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culture politics

More News Isn’t Good News

Several weeks ago I signed up for journalist Dan Rather's free mailing list (there is a paid version too). As a recovering journalist, something he wrote recently touched on a topic I often consider; the endless and ever-expanding explosion of news content.

For all the outlets, all the niches, all the competition, what does this change do for how we are getting our news? And how is it changing? Are we better informed? Hearing from more diverse voices? More overwhelmed? More distracted? More confused? How do each of you sort through the news? What sources do you turn to? These are the questions on which I would love to hear your feedback.

That's a lot to unpack. During my childhood, before I cared for such things, news came from three TV stations sharing updates at 6 and 11 p.m. There were two daily metro newspapers (the liberal Free Press in the morning followed by the more conservative Times in the afternoon).

My gut tells me that while the number of crimes and violent acts has increased since the 1970s, the percentage of criminals relative to a larger population isn't much greater today. Our generation's curse is seeing all of the news from everwhere. The growth of the internet and 24-hour cable news networks has transformed what used to be local drama into national tragedies. Any freakish thing that happens has the potential to become headline news around the world.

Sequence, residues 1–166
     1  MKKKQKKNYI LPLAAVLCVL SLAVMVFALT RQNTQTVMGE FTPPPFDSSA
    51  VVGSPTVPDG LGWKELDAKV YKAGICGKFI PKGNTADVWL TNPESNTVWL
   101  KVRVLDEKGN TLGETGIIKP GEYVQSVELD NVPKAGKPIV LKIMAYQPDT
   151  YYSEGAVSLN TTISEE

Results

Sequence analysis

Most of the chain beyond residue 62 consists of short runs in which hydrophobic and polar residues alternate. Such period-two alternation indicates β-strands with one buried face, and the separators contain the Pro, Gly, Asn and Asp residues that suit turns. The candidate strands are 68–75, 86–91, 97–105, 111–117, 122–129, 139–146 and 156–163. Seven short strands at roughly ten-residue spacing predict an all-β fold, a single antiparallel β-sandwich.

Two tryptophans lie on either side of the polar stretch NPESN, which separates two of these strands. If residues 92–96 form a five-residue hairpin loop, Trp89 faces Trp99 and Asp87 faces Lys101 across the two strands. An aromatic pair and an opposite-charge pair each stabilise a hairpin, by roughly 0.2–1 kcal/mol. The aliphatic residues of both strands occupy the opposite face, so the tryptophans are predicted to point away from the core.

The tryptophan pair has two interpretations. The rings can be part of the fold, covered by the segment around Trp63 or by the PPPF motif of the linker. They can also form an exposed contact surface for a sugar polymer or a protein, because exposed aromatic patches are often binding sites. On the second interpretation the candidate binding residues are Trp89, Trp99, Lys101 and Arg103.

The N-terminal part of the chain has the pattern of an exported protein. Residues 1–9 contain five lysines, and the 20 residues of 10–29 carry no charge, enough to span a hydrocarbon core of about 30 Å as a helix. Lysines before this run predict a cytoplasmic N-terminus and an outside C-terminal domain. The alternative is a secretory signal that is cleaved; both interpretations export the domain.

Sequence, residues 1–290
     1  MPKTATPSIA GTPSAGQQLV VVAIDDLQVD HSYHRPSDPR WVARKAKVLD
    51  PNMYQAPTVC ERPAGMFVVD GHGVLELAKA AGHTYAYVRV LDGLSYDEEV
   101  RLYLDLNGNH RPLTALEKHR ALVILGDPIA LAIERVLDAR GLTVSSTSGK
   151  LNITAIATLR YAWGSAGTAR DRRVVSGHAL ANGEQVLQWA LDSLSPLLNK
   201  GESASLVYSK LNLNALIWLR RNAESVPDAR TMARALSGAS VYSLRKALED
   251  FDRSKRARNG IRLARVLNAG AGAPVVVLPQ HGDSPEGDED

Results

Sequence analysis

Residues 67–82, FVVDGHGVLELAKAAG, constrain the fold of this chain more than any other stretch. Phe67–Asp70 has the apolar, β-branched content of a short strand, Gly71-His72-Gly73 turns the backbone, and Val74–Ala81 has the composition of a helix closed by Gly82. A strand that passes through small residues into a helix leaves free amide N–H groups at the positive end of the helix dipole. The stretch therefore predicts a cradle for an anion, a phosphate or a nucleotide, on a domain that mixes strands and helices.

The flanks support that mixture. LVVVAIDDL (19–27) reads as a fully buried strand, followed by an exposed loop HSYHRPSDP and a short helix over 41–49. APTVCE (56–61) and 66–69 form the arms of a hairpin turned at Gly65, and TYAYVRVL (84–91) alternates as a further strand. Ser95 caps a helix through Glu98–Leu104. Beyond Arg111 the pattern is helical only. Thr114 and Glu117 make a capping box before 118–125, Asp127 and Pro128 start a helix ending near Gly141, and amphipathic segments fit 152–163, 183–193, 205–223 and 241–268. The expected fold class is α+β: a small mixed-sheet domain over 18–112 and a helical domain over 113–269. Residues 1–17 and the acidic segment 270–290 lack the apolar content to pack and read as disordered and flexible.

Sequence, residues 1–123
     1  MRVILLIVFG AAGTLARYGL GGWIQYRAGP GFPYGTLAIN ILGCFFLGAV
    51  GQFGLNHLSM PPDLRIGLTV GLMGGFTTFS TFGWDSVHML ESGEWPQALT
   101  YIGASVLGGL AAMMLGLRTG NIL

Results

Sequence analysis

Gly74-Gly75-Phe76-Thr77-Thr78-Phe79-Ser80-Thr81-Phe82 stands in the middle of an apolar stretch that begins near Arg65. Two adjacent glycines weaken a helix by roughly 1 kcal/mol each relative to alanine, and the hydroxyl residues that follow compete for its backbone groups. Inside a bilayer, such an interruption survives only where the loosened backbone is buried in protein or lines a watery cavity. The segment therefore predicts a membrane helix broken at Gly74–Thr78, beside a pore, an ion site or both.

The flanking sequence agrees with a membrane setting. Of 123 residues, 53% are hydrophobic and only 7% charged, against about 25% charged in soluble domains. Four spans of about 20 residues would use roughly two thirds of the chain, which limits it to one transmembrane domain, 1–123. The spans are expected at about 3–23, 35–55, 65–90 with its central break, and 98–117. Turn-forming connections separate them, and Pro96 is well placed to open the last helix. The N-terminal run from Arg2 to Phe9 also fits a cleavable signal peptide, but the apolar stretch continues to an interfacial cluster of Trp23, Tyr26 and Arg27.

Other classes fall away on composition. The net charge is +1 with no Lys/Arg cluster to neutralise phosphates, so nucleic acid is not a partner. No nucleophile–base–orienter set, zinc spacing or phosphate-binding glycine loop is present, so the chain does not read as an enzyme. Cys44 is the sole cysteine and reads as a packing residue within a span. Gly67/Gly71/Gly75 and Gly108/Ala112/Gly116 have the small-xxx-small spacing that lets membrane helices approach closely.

I have to answer "Yes!" to Dan's questions about being overwhelmed and distracted. There is so much more than local news reported on our TVs and other media.

Dan continued with a broad question. Has your news consumption changed with the new presidency?

Feel free to respond in any way you wish, but I would like to specifically ask if your news consumption has changed with the new presidential administration. Do you read or watch less news? More? Different sources? More or less on social media? Look for more news that isn’t about politics?

Again, "Yes!"

During the five years of the Trump era I felt it was a civic duty to tune into the news if only to see how he had harmed America during the night. I rarely watch the news now because that fear is no longer stuck in my brain. I sleep better knowing our president is focused on governance, not Twitter statistics and adolescent social media clout.